On Writing Fluff
“You’re on a crusade to carve up our babies.”
Every good writer does it. Those wonderful scenes we love so much, that we think give depth to characters and their relationships and stories, end up scattered on the floor. We hack them from our beloved manuscripts, trimming away the fat so we’re left with a crisp, clean story. Those scenes have no use, after all. They add nothing to the story in the long run, and eventually we come to see it. That’s why we cut them.
I’m addicted to writing them.
But that’s such a waste of time, right? Why bother writing scenes like that when you know it’s not going anywhere, and it’ll never see the light of day. No one will read it and praise it, or even critique it. I could be using that time to write an entire new novel. So why the hell do I write that damn fluff?
Because it helps me develop characters.
So, my character Catori has gone through some massive changes since her creation. Originally, she was a sex fiend that had no intention of loving anyone, ever, and only married for the power it brought her. It fit for the D&D campaign she was created for, but that was not her final form.
Disclaimer: I couldn’t find a final form gif I liked. Sorry.
Catori has a few different facets to her personality now, but overall she’s just a woman who’s seen a lot of shit and really wants to be loved and accepted by someone. Still, all those facets sometimes makes it hard. She has to think about her son, her dreams of making a name for herself, and she struggles with not feeling good enough.
She wouldn’t have become the character she is now without my writing tons of fluff scenes for her. I legitimately have entire novels of fluff for her. I’m talking over 100k words of stuff that will probably never see an editor, ever, because there’s no point. Hell, Silk & Swords (my holiday blog serial) was fluff that had no place in her main story. Despite that, it helped me prepare to write her next stage in life, the one where she drops being a lowborn gladiator and becomes a rich lady running her husband’s household while still inspiring knights to pledge fealty to her.
But Silk & Swords was still presented as a story, so how can it be fluff?
Because it serves little purpose for the reader and adds nothing to the real story. There wasn’t much story there to begin with, honestly, and I’m totally unashamed to say it. It was my little pet project that I just wanted to share with people as a cute holiday treat, a sort of feel-good thing that helped me develop her.
Writing fluff scenes also helps me discover how she feels about and reacts to other characters.
At the start of the second manuscript, Catori is single and sleeping around every so often, but she has no real lover. In comes the champion gladiator of their little town, Reinar. They’re friends and have been lusting after each other some months, and eventually they end up together for a little while. Now, Reinar wants more than just a fling from her, but Catori is notoriously oblivious to men and their feelings about her. Who can blame her? I am, too. Literally taken by surprise anytime someone says they like me. I’ve taken screenshots of conversations just to remind myself it’s real.
This has gone through several different scenarios, all fluff. I’ve written smutty scenes for them, and sweet scenes for them. I wrote a fluff scene where Reinar finally tells her he wants to be with her, and wrote out Catori’s response. I wrote their “breakup”. None of that makes it into the manuscript at all, but it all influences how Catori reacts to Reinar. When Catori and her soon to be husband announce their impending marriage and her pregnancy, Reinar breaks a glass and hurries off to get his bleeding hand fixed, and Catori feels more than a little guilty as she watches him leave. Originally she was oblivious and it came as a complete shock to her that Reinar might actually like her. That didn’t fit, but I managed to get a good reaction from her because of those fluff scenes I wrote.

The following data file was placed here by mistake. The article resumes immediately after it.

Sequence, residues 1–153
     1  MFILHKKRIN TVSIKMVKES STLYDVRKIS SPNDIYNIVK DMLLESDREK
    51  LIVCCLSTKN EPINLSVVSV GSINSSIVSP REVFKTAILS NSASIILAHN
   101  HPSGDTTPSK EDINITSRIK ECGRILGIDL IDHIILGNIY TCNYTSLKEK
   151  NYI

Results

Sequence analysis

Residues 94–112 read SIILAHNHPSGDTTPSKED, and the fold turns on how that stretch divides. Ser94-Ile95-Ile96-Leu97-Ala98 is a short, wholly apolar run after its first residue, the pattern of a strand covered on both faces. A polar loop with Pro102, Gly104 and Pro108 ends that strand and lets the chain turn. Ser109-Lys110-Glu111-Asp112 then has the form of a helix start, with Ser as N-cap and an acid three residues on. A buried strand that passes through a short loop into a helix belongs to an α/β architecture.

I also get a better idea of where she’s come from.
Admittedly, I have an origins story in its first draft written for Catori. It’s so fluffy, it’s like some poor sheep in desperate need of shearing. However, I’ve recently begun writing even further back than that. I have scenes written out from her father’s perspective, involving her mother and their meeting and subsequent relationship.
Since I’ve begun these scenes, I’ve pinpointed the traits Catori inherits from her parents. She gets her father’s endless worrying, his fear for the worst, and a certain special genetic trait that makes her unique among her lowborn peers. But she also gets her mother’s easy laugh, playfulness, and fiery determination. A strange mixture, honestly. She has an easy laugh, but she… fears the worst? What? It works, trust me.
There’s one final reason I write fluff.
Because I enjoy it. I write scenes that never happen because I totally ship Catori with someone other than her two main love interests. I write scenes that interest me, fluffy cute scenes that force me to like her distant husband a little more, scenes that make me die a little inside. I write them because I like to write and because I particularly like to write for Catori. That alone is reason enough to write fluff.
So writing fluff scenes isn’t as bad as people might think.
When I first popped into the writing communities online, I thought, “Oh my god, I’m a terrible writer, all those things I love to write are useless.” But they’re not. They’re useful to me, I just need to realize when they’re not for readers. I’ll slice them out of my manuscripts and set them aside in a little box for my own enjoyment.
So go ahead and write that fluff. Own it and enjoy it. We may have goals for publishing, we may not, but the important thing to remember is that writing should be something you enjoy doing. Not everything has to be polished and ready for publishing, and it’s okay to write for yourself.